Should I Close The Attic Vents In the Winter?
Episode 1: Should I Close The Attic Vents In the Winter?
This weeks question is coming from Marcel from Fairfax, VA. Marcel asked: “Are the vents in my attic helping the heat escape in the winter? Should I Close the Attic Vents in the Winter?”
Great question, Marcel! Here’s my answer:
You probably already know that attic vents are important both to your roof’s longevity and to keeping your energy bills down during the summer. After all, one of the purposes of attic vents is to help release some of the heat from the attic and prevent it from becoming super-heated. So in a way the idea of closing those vents during the winter also makes sense, because theoretically, this would help prevent heat from escaping your home during the winter when you’re trying to keep it in. There’s another piece to this puzzle, however, that you need to understand before you set off to shut your vents.
Your attic vents perform another job than just releasing excess heat during the summer; they also release excess moisture from your attic during the winter. Believe it or not, the cold temperatures outside combined with the warm air down below mean that there can be an excessive amount of moisture building up in your attic during the cold winter months.
If you were to shut your vents, trying to keep the heat in, you could also be trapping that moisture. Over time, the warm moist air in your attic can become the perfect breeding ground for things like black mold and mildew. Left alone, these can have a major impact on your family’s health, as well as on the structure of your attic and roof deck, since mold actually eats the materials that it’s growing on.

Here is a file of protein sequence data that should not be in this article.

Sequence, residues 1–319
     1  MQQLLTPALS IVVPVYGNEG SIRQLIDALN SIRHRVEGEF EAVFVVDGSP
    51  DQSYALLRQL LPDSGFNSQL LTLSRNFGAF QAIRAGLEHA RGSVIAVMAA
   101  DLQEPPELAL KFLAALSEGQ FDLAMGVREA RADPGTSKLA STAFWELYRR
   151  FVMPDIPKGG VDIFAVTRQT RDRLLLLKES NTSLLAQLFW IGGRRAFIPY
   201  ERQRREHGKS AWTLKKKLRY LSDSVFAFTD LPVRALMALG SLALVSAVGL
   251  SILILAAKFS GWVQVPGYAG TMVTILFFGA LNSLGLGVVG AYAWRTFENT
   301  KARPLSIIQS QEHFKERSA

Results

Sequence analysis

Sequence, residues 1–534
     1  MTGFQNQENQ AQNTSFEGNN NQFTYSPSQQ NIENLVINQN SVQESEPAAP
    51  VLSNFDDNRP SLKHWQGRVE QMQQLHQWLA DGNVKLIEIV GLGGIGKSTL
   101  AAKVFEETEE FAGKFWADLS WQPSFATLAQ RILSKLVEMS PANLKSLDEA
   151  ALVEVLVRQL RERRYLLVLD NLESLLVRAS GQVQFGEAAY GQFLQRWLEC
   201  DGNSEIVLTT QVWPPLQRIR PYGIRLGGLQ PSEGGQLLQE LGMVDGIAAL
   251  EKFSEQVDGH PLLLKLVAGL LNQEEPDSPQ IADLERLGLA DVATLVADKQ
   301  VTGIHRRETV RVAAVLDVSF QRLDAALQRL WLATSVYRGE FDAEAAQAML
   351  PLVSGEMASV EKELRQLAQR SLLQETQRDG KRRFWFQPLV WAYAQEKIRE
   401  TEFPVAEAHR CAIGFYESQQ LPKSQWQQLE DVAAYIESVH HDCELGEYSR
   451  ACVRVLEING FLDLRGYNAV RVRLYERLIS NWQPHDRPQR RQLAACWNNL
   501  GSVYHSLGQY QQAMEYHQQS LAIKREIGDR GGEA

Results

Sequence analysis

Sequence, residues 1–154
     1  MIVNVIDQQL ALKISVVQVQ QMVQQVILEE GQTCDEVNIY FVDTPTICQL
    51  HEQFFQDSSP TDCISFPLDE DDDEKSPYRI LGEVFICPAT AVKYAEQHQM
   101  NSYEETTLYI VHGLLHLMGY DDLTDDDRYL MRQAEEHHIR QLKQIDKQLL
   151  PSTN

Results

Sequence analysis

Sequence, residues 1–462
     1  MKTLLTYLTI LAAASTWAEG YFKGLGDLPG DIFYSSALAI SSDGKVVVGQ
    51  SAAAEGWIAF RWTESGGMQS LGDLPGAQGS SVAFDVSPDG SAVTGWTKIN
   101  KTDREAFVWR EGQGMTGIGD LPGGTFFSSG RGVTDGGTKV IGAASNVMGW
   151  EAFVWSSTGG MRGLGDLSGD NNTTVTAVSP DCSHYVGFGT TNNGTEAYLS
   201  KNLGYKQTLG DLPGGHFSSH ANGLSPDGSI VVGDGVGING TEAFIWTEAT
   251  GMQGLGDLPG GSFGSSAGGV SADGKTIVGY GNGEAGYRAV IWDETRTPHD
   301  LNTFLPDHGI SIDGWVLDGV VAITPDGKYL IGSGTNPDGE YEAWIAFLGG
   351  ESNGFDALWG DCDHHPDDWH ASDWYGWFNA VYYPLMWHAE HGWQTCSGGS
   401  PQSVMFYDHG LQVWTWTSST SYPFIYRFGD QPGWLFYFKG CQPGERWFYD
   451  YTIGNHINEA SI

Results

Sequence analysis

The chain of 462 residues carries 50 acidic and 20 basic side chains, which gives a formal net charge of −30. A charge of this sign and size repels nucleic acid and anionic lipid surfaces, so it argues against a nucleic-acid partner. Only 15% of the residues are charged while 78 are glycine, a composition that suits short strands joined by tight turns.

Your attic vents also do more for your roof than merely preventing it from becoming overheated in the winter; they can help stop and prevent ice dams as well.
Ice dams are the result of all the snow that falls on your roof melting and then refreezing on the edges where they build up into thick blankets of ice that can force water and moisture up beneath your shingles. Over time, this can cause your roof deck and your shingles to begin to deteriorate.
Having your attic properly ventilated during the winter means that your roof won’t get too warm because you’re trapping air in the attic itself. If your roof isn’t warming up too much during the cold, snowy weather, then the snow that lands on your roof won’t melt immediately only to refreeze on the edges where it can form ice dams.
While removing the snow from your roof is always your best defense against ice dams and problems caused by ice and snow on your roof, having your attic properly ventilated all winter long can go a fair way toward helping to prevent issues from occurring.
Keep Them Open
Bottom line; shutting the vents in your attic during the winter isn’t going to help you hang on to too much heat where you actually want it – in the living areas of your home. Instead, it will merely cause a build-up of moisture and heat that can cause other, more troubling conditions in your home come spring.
Thank you, for your question, Marcel!
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